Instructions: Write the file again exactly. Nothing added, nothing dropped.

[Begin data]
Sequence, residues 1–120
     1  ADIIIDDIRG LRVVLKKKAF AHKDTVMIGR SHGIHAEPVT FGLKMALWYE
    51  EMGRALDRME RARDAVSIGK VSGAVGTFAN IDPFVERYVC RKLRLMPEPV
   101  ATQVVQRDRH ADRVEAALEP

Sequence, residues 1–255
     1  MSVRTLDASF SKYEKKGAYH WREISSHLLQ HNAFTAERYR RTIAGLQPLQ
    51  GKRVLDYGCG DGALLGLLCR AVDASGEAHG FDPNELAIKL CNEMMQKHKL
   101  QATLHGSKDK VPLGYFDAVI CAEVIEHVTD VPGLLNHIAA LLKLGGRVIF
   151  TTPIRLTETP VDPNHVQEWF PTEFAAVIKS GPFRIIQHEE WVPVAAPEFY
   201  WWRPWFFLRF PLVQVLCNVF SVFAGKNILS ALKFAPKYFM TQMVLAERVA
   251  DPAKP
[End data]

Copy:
Sequence, residues 1–120
     1  ADIIIDDIRG LRVVLKKKAF AHKDTVMIGR SHGIHAEPVT FGLKMALWYE
    51  EMGRALDRME RARDAVSIGK VSGAVGTFAN IDPFVERYVC RKLRLMPEPV
   101  ATQVVQRDRH ADRVEAALEP

Sequence, residues 1–255
     1  MSVRTLDASF SKYEKKGAYH WREISSHLLQ HNAFTAERYR RTIAGLQPLQ
    51  GKRVLDYGCG DGALLGLLCR AVDASGEAHG FDPNELAIKL CNEMMQKHKL
   101  QATLHGSKDK VPLGYFDAVI CAEVIEHVTD VPGLLNHIAA LLKLGGRVIF
   151  TTPIRLTETP VDPNHVQEWF PTEFAAVIKS GPFRIIQHEE WVPVAAPEFY
   201  WWRPWFFLRF PLVQVLCNVF SVFAGKNILS ALKFAPKYFM TQMVLAERVA
   251  DPAKP